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French election results and reactions as Macron wins second term

Emmanuel Macron will remain president of France for the next five years. His rival, Marine Le Pen, made big gains on 2017 and commits to remaining in politics

Emmanuel Macron and Marine Le Pen faced off in France's presidential election 2022 Pic: Shutterstock

Emmanuel Macron (La République En Marche) has won a second successive term as president of France with 58.54% of the vote.

He won out over far-right hopeful Marine Le Pen (Rassemblement National), who got 41.46%. She was competing in her third presidential election and was hoping to become the country’s first female president. 

The abstention rate was 28.01%, the highest total since 1969.

There were 3,018,990 spoiled votes in total.

Sunday's election is a repeat of 2017, when Mr Macron beat Ms Le Pen with 66.1% of votes. 

Read more: Five takeaways from France’s presidential election second round

Read more: Macron wins second term as president: How did your area vote?

Emmanuel Macron's reaction

Emmanuel Macron (La République En Marche) thanked supporters - and paid reference to those who did not vote for him - in a speech in Paris after being reelected president.

“After five years of transformation, of happy and difficult times, on this day of April 24, a majority of us have chosen to trust me to preside over our Republic for the next five years,” he said.

He was speaking following his victory to a large gathering of party members, journalists and supporters at the Champ de Mars in Paris’ seventh arrondissement, next to the Eiffel Tower.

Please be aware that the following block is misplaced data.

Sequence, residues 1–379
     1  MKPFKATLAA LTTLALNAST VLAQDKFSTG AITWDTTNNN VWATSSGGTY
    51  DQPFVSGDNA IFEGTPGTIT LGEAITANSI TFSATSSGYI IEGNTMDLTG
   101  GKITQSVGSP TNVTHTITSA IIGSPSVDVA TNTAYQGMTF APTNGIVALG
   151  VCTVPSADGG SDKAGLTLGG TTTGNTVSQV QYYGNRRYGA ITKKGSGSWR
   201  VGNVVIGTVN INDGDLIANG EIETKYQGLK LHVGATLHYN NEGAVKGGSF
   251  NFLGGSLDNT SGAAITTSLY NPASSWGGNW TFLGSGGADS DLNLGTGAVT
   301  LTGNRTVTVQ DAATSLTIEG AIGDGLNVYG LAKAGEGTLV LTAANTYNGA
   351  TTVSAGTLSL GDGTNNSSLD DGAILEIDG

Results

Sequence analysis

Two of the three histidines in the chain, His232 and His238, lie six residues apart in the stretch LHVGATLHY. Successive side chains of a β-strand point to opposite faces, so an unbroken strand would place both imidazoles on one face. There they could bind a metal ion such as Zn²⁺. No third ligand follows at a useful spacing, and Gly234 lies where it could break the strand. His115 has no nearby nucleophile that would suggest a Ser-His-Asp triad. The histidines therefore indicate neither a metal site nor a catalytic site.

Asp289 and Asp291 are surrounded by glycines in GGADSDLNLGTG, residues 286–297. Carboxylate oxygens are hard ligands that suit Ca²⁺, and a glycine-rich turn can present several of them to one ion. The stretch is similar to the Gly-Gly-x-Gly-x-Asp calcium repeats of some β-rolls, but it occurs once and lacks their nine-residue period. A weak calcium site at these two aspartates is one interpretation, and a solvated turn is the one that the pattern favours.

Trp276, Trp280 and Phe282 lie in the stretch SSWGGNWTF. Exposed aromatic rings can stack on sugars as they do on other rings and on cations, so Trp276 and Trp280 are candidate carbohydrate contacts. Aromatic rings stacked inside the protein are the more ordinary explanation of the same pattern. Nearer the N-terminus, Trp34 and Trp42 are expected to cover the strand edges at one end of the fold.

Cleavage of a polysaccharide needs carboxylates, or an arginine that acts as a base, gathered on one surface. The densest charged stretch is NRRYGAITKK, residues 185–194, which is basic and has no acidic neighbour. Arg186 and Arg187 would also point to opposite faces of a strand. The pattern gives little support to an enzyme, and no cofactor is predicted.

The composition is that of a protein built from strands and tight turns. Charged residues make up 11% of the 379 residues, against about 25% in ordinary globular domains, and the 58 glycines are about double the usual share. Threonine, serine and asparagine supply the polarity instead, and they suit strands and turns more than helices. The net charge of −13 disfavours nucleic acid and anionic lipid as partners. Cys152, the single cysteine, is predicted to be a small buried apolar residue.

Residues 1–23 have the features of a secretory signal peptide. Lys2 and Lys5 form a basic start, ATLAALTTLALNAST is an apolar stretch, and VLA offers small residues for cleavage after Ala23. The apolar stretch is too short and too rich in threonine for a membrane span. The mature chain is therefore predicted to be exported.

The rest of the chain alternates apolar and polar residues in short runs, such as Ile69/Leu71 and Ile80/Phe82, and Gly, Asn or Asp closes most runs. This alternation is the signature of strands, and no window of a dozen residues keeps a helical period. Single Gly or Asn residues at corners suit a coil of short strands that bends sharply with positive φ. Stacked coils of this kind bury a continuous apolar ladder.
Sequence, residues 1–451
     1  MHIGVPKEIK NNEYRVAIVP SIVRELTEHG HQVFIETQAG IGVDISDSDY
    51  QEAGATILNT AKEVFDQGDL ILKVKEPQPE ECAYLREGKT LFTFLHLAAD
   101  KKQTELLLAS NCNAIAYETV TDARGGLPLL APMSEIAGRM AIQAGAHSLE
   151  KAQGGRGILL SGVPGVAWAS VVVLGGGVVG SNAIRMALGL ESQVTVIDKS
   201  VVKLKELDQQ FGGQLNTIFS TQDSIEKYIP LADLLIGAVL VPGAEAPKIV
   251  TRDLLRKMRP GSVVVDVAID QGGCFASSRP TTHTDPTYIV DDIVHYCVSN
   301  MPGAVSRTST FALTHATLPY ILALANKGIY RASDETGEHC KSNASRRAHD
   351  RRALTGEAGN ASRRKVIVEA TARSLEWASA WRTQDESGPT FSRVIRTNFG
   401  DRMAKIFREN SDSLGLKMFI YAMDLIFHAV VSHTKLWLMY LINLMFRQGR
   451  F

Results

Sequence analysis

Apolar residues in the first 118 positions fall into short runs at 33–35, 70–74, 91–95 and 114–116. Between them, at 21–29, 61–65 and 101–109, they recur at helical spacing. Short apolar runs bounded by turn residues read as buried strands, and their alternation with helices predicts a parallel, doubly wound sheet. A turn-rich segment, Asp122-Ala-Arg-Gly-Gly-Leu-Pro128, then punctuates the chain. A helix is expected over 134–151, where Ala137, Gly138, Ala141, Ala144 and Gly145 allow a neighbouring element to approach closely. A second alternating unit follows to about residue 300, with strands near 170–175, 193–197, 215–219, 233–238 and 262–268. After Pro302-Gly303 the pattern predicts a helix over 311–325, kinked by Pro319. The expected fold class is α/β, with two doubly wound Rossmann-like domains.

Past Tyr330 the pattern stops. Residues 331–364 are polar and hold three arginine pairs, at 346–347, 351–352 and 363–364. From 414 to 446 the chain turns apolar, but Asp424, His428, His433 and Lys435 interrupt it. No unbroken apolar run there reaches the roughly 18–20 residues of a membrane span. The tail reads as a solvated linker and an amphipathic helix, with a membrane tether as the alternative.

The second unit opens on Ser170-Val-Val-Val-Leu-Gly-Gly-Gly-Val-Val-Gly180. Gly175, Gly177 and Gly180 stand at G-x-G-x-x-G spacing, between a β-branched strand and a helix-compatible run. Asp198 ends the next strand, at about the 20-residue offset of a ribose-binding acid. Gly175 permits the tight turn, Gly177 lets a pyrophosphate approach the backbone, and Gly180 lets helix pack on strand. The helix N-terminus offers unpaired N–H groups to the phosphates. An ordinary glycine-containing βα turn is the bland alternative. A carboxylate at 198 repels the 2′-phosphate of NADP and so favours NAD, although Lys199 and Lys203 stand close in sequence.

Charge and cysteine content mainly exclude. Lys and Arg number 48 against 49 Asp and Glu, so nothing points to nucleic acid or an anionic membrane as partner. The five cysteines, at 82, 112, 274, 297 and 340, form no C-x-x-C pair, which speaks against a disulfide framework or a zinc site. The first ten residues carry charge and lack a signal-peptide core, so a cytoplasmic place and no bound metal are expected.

Mr Macron arrived at the Champ de Mars surrounded by children with Beethoven’s Ode to Joy playing loudly. The song is the anthem of the European Union.

He repeatedly thanked his supporters in his speech and reiterated his gratitude to them for choosing him.

He also acknowledged that not everyone who voted for him did so because they supported his project, but in order to stop Ms Le Pen coming to power.

A poll by Ipsos-Sopra Steria shows that 58% of Emmanuel Macron's voters voted for him "above all because he would make a good president of the Republic" and 42% "above all to stop Marine Le Pen".

Read more about Mr Macron's speech in our article here: President Macron’s re-election win: ‘Now, we have so much to do’

Marine Le Pen’s reaction

Ms Le Pen phoned Mr Macron shortly after 20:00 on Sunday to concede defeat. She also announced in a speech that she intends to remain in politics.

“This result demonstrates the great defiance of the French people," she said. 

“I do not feel any resentment or rancour. 

“To avoid this monopolisation of power by a few, more than ever I will continue my commitment to France and the French.”

Other reactions

Jean-Luc Mélenchon, leader of the hard left La France insoumise, who finished third in the first round of this year’s presidential election. He is also vying to become prime minister.

To all of you, I say: 'Don't give up! Take action, openly, collectively. Democracy can give us the means to change this course.

The third round [of the election] starts tonight. On June 12 and 19 the legislative elections will take place, you can beat Mr Macron and choose another path. Another world is still possible if you elect a majority of the new left-wing union (Union populaire).